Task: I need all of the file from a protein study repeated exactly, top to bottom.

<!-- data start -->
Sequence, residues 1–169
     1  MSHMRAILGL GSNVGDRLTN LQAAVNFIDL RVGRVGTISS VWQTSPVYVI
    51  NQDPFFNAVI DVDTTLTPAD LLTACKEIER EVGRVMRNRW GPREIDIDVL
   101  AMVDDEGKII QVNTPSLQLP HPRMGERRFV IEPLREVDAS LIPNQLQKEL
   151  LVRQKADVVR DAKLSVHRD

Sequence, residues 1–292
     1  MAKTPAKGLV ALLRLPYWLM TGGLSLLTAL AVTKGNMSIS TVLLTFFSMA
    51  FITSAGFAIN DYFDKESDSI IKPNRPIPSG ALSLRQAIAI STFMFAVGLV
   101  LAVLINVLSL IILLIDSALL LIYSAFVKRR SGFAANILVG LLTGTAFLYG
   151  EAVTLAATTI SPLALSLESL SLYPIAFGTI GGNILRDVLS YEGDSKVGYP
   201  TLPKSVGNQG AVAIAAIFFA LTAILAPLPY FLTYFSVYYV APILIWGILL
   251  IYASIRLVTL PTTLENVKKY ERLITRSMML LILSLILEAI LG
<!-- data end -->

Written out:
Sequence, residues 1–169
     1  MSHMRAILGL GSNVGDRLTN LQAAVNFIDL RVGRVGTISS VWQTSPVYVI
    51  NQDPFFNAVI DVDTTLTPAD LLTACKEIER EVGRVMRNRW GPREIDIDVL
   101  AMVDDEGKII QVNTPSLQLP HPRMGERRFV IEPLREVDAS LIPNQLQKEL
   151  LVRQKADVVR DAKLSVHRD

Sequence, residues 1–292
     1  MAKTPAKGLV ALLRLPYWLM TGGLSLLTAL AVTKGNMSIS TVLLTFFSMA
    51  FITSAGFAIN DYFDKESDSI IKPNRPIPSG ALSLRQAIAI STFMFAVGLV
   101  LAVLINVLSL IILLIDSALL LIYSAFVKRR SGFAANILVG LLTGTAFLYG
   151  EAVTLAATTI SPLALSLESL SLYPIAFGTI GGNILRDVLS YEGDSKVGYP
   201  TLPKSVGNQG AVAIAAIFFA LTAILAPLPY FLTYFSVYYV APILIWGILL
   251  IYASIRLVTL PTTLENVKKY ERLITRSMML LILSLILEAI LG